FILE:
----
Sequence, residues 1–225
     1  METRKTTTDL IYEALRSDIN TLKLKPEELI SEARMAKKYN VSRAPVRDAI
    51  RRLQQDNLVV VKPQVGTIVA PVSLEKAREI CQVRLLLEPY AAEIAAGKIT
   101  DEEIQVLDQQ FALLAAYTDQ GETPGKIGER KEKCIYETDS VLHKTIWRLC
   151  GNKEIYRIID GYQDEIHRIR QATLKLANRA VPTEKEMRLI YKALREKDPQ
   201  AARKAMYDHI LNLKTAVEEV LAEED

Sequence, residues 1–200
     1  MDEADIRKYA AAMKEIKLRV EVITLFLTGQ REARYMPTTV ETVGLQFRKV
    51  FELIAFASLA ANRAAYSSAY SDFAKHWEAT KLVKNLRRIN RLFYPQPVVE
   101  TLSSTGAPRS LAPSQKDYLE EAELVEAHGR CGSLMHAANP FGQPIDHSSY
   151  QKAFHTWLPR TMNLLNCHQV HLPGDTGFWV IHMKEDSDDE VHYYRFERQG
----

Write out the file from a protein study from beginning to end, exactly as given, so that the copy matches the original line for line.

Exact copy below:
Sequence, residues 1–225
     1  METRKTTTDL IYEALRSDIN TLKLKPEELI SEARMAKKYN VSRAPVRDAI
    51  RRLQQDNLVV VKPQVGTIVA PVSLEKAREI CQVRLLLEPY AAEIAAGKIT
   101  DEEIQVLDQQ FALLAAYTDQ GETPGKIGER KEKCIYETDS VLHKTIWRLC
   151  GNKEIYRIID GYQDEIHRIR QATLKLANRA VPTEKEMRLI YKALREKDPQ
   201  AARKAMYDHI LNLKTAVEEV LAEED

Sequence, residues 1–200
     1  MDEADIRKYA AAMKEIKLRV EVITLFLTGQ REARYMPTTV ETVGLQFRKV
    51  FELIAFASLA ANRAAYSSAY SDFAKHWEAT KLVKNLRRIN RLFYPQPVVE
   101  TLSSTGAPRS LAPSQKDYLE EAELVEAHGR CGSLMHAANP FGQPIDHSSY
   151  QKAFHTWLPR TMNLLNCHQV HLPGDTGFWV IHMKEDSDDE VHYYRFERQG